The history of Pay TV in Australia
The story of pay TV in Australia is a relatively short but volatile one – starting with intense competition in the mid-90s and ending in a distinct divide between services today. It all began when a company named Galaxy launched their pay TV service using wireless transmitters (sending the signal from towers on the ground rather than satellites). This is where channels like Showtime and Arena made their Australian debuts. But the two dominant telecommunications providers – Telstra and Optus – had plans of their own and had been busy setting them up. While Galaxy launched with a quick and easy wireless system, both Optus and Telstra were working on rolling out proper pay TV cables on a massive scale. This would allow them to offer a huge range of channels.
That rollout was a bit contentious. Telstra was able to put their cables underground using their own phone line tunnels. However, Optus was forced to string hefty cable from power poles – and ultimately many areas got no cable service at all by the time the rollout finished.
Optus managed to launch their service – Optus Vision – in September of that year, closely followed by Telstra’s partnership with News Limited, Foxtel. The rest is, effectively, history. Galaxy lasted only a few years, their customers absorbed into Foxtel. Optus Vision hung on longer but ultimately suffered the same fate, as did regional satellite provider Austar. And where we ended up is with a single conventional pay TV provider, Foxtel.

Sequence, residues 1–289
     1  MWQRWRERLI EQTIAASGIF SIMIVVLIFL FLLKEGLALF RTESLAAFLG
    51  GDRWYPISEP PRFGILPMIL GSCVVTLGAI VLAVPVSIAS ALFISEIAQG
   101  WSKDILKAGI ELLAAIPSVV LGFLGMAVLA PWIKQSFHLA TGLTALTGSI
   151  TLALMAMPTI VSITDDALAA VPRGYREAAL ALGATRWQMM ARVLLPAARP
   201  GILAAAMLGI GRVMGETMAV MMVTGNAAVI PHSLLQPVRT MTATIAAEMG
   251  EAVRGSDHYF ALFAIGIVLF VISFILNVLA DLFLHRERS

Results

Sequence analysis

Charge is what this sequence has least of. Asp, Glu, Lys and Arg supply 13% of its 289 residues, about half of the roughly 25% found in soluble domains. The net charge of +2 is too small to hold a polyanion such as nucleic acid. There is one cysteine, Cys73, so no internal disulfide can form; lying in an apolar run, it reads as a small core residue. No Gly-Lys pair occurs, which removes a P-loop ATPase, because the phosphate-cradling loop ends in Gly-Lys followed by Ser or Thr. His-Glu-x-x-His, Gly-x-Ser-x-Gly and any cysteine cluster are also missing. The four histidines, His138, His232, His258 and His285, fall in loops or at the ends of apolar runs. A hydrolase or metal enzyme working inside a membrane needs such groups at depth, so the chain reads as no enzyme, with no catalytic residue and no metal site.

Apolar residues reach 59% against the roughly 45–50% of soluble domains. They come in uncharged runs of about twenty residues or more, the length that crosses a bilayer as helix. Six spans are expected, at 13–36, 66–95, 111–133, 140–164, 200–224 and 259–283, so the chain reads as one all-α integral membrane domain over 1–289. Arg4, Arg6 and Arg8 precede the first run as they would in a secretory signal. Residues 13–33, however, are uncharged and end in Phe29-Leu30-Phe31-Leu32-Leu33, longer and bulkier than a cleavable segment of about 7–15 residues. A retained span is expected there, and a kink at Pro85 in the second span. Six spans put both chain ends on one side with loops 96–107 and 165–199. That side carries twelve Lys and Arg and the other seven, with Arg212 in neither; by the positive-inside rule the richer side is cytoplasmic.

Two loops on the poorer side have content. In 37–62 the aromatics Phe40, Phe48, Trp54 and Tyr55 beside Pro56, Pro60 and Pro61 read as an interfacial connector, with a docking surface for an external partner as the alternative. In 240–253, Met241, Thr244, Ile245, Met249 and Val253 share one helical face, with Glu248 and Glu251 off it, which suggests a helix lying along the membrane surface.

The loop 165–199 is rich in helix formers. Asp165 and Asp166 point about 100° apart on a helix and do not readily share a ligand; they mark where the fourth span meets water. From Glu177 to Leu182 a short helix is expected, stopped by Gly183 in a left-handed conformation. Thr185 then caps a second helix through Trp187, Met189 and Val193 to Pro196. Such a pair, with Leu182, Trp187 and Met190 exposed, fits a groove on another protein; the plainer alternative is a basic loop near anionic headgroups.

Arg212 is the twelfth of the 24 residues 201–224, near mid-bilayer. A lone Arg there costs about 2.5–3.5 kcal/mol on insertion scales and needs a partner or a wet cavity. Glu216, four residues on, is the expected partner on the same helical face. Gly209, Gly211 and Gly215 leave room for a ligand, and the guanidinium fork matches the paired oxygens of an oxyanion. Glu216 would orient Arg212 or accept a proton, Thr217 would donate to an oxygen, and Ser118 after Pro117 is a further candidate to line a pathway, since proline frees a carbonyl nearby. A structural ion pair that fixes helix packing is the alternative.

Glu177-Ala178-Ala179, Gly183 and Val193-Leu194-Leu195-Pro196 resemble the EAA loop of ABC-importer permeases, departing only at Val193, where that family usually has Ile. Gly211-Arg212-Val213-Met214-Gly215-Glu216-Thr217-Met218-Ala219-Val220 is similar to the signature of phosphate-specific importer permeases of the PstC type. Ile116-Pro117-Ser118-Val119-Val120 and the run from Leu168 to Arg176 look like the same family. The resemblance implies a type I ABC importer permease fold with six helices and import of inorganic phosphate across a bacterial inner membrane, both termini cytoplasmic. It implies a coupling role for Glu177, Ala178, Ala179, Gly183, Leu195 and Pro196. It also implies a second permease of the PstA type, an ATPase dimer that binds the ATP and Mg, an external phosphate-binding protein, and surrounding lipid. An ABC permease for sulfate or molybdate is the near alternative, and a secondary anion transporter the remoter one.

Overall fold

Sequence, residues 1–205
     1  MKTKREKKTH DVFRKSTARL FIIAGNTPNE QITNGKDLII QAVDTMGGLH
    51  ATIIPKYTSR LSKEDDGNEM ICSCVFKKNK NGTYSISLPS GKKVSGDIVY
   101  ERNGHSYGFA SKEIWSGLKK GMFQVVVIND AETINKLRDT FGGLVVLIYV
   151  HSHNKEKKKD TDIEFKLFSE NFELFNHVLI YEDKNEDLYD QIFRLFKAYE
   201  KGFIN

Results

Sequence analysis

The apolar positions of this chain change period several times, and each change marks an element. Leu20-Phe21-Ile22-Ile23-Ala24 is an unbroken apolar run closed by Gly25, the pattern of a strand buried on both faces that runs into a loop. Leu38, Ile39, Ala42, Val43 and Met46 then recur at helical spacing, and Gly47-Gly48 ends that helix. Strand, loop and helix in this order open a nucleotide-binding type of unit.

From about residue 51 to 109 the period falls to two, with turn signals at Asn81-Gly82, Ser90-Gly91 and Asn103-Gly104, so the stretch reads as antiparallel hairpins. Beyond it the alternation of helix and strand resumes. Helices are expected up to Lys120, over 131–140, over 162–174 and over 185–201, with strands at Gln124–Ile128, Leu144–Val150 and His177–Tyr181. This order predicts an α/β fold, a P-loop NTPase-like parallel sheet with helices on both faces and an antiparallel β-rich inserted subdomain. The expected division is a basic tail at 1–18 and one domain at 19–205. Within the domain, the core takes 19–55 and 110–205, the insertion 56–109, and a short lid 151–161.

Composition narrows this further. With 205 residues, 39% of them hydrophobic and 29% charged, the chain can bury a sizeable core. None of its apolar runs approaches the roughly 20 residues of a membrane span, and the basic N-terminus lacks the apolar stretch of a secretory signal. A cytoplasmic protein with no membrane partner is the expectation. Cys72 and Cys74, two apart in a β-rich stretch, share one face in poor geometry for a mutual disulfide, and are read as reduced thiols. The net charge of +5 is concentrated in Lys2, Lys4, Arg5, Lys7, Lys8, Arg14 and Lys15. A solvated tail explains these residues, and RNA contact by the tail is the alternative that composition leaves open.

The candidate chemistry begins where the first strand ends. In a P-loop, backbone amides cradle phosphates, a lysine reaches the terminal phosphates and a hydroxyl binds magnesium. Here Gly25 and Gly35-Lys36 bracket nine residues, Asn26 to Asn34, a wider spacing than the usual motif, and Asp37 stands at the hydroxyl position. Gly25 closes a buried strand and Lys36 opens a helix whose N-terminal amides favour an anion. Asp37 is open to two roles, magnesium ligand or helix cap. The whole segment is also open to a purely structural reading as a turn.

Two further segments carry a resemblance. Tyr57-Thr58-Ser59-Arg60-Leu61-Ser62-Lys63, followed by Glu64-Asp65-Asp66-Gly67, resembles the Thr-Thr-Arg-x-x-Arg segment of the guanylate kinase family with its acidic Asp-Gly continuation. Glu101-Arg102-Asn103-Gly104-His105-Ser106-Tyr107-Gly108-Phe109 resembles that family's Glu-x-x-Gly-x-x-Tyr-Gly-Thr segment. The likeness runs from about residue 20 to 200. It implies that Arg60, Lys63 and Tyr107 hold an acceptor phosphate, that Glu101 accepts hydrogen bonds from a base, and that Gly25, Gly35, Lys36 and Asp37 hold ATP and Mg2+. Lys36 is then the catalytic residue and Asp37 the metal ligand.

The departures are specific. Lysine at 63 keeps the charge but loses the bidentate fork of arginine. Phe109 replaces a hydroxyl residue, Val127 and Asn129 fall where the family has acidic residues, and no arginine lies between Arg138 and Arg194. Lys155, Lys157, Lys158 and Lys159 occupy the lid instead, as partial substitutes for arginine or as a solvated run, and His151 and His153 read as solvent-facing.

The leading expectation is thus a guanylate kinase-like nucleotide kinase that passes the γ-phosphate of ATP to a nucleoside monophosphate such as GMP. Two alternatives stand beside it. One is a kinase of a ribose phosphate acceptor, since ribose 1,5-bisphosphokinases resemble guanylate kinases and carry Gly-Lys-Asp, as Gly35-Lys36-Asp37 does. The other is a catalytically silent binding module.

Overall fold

The story doesn’t end there, though. The arrival of fast broadband internet let some competitors jump in – most notably Fetch TV, which runs a very Foxtel-like service entirely using the internet for its delivery, and with great success.
The future of Pay TV in Australia
Foxtel looks likely to embrace streaming even more in the future. The strong rumour is that the next generation of their iQ series of boxes will be the one that truly blurs the line between live TV and streaming – and pay TV may come to be thought of as “premium TV”.
Whatever happens, one thing is for sure – despite the sudden and enormous threat from the massive take-up of streaming TV, pay TV in Australia isn’t going anywhere. In fact, when it comes to its ability to cover live events – especially sports – there’s nothing that comes close in terms of quality and depth of coverage – though Kayo Sports has changed the game by effectively combined streaming and pay TV to create the most in-depth sports-dedicated platform in the country. Furthermore, pay TV still offers plenty of shows you won’t find on streaming services, not to mention recent movies (and yes, they’re free of commercial breaks and on-screen watermarks!). Pay TV is here to stay.
Foxtel iQ4 Review: Comprehensive guide to the new set top boxIt may look almost the same as the old iQ3 box, but Foxtel’s new iQ4K packs some serious power under its unassuming metal exterior.